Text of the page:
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Tuesday, December 11, 2012

Emerging among the pine needles

When Peter mentions that he has found something interesting, you know you're in for a treat.  Such was the case last week when he brought me to a site near Bodega Head and pointed to these:

These beauties are all stages (from youngest to oldest) of the Fly Agaric or Fly Amanita (Amanita muscaria).

Note the progression from the "button" stage to globose and then to broad and plate-like. Apparently some can reach up to 40 cm (~15 inches) across!

The small, flattened patches on the cap are remnants of the universal veil — a layer of tissue that initially covers the emerging mushroom.

While scanning different mushrooms among the pine needles, we noticed that a few had been nibbled:

After a little more searching, we discovered the likely culprit.  Can you find it in the image below?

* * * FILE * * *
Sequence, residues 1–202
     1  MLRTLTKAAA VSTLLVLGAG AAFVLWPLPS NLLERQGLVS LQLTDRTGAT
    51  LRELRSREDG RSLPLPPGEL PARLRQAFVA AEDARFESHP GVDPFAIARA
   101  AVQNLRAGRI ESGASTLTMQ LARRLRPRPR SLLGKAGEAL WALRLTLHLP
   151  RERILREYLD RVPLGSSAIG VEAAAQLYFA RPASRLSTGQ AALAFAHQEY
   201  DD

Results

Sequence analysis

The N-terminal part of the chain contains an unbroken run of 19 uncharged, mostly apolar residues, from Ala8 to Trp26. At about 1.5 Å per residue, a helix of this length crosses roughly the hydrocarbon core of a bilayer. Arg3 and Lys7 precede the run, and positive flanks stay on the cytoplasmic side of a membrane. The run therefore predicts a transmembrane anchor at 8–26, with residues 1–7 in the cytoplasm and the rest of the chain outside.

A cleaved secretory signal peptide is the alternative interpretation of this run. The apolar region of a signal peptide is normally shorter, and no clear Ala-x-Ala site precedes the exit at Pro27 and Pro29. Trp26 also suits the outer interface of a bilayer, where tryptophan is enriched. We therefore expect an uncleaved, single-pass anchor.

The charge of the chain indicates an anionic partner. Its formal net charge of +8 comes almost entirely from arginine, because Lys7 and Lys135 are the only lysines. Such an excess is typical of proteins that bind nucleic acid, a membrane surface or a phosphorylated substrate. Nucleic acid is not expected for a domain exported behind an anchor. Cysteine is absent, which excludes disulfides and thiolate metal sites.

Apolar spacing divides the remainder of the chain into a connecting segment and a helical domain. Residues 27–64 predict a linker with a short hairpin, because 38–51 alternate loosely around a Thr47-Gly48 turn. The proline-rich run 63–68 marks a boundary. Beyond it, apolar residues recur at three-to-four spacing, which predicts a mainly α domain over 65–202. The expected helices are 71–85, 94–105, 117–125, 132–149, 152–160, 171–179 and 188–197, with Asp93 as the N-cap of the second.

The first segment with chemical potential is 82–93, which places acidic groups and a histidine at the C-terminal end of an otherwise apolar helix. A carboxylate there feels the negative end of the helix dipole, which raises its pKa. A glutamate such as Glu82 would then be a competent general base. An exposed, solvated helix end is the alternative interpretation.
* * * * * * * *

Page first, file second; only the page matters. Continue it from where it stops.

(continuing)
Yes!  A banana slug (Ariolimax sp.) can be seen near the base of the mushroom (see close-up below).

(Athough slugs eat them, beware that Fly Agarics are poisonous to people.)

Peter recalled that occasionally these distinctive red-and-white mushrooms show up on winter holiday cards.  This U.S. Forest Service ethnobotany page discusses this association and presents a few images of vintage cards with examples.  I especially like the one with children collecting mushrooms in the snow — a good idea for a knitted hat! 

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